In 1981 she married fellow American distance runner Ron Tabb. The couple divorced in 1983. In 1982, under the name Mary Tabb, she ran the mile in 4:18.08, breaking the official record of 4:20.89 by the Soviet Lyudmila Veselkova. This time was ratified.

Career peak

In 1982 Decker-Tabb set six world records, at distances ranging from the mile run to 10,000 meters. She received the James E. Sullivan Award as the top amateur athlete in the United States.

The following year she achieved the "Double Decker," winning both the 1500 meters and 3000 meters events at the World Championships in Helsinki, Finland. Her history of relatively easy wins in the United States left her tactical abilities suspect in Helsinki, as she would not choose to run in close order because so few athletes could keep up with her, a situation that the Soviet runners hoped to use to their advantage. Her wins against Soviet World Record holders proved a redemption of her competitive guile. After her double win she won the Jesse Owens Award from USA Track and Field and Sports Illustrated magazine named her Sportsperson of the Year. Shortly before her World Championship victories, Decker improved her U.S. 1500 meters record to 3:57.12 in Stockholm on July 26, 1983. This record stood for 32 years until Shannon Rowbury ran 3:56.29 on July 17, 2015.

Later life

Throughout her later career, Decker had suffered a series of stress induced fractures. After the loss of her 1999 legal case, she agreed to have a series of 30+ orthopedic procedures. Mainly on her legs and feet, they were an attempt to enable her to run competitively in marathons. However, the surgery increased the occurrence of the problems. As a result, she retired with her husband to a 55-acre (22 ha) property in Eugene, Oregon, where she can now jog every other day.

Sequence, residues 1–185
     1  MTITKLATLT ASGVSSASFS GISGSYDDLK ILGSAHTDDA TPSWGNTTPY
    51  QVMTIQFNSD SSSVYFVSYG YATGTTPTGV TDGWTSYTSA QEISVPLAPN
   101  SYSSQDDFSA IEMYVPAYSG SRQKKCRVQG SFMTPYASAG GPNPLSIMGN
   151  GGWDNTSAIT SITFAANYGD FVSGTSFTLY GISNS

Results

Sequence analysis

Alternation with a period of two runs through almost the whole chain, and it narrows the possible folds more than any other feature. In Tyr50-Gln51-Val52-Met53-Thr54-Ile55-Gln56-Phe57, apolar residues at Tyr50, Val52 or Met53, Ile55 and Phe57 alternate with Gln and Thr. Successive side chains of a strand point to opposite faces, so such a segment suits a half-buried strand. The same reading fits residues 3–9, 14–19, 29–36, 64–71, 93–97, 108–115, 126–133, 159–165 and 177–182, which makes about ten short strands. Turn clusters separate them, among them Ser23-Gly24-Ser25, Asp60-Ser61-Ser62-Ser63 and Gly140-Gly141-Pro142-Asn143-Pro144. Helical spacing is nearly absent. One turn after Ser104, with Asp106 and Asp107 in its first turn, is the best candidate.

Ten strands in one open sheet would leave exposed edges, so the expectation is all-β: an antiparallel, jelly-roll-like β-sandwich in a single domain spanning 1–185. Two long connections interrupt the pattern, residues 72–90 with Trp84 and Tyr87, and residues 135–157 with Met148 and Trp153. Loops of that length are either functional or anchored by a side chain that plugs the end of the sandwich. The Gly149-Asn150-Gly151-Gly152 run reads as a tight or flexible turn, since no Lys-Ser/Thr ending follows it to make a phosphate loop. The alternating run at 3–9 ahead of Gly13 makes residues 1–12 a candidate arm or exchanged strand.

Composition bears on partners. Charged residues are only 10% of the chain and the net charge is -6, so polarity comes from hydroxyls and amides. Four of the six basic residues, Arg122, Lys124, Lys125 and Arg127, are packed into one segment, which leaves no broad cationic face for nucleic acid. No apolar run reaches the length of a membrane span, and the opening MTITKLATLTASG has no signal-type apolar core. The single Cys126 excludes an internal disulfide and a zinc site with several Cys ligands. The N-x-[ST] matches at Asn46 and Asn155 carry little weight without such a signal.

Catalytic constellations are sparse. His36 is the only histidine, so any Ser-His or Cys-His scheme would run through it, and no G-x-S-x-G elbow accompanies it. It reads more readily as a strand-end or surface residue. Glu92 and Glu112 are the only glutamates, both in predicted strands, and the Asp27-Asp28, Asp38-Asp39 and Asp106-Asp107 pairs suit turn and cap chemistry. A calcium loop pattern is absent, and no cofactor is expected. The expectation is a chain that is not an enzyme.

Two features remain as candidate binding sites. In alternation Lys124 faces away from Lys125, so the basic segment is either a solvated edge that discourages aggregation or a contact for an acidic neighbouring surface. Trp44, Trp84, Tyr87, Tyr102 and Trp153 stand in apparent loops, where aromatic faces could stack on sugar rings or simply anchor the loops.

International competitions

Year Competition Venue Position Event Notes
Representing  United States
1979 Pan American Games San Juan, Puerto Rico 1st 1500 m 4:05.7
1983 World Championships Helsinki, Finland 1st 1500 m 4:00.90
1st 3000 m 8:34.62
1984 Olympic Games Los Angeles, United States DNF 3000 m 8:44.32 (heat)
1985 Grand Prix Final Rome, Italy 1st 3000 m 8:46.38
1988 Olympic Games Seoul, South Korea 8th 1500 m 4:02.49
10th 3000 m 8:47.13
1991 Grand Prix Final Barcelona, Spain 2nd Mile 4:28.35
1996 Olympic Games Atlanta, United States 21st (h) 5000 m 15:41.30
1997 World Indoor Championships Paris, France DQ (2nd) 1500 m 4:05.22
Elliptical Cycling
2012 World Championships San Diego, United States 2nd Palomar Mountain 1:51.34
2013 World Championships San Diego, United States 3rd 1:45.27
2014 World Championships San Diego, United States 3rd 1:31.22
2015 World Championships San Diego, United States 2nd 1:30.54
(h) Indicates overall position in qualifying heats. DNF = did not finish. DQ = disqualified.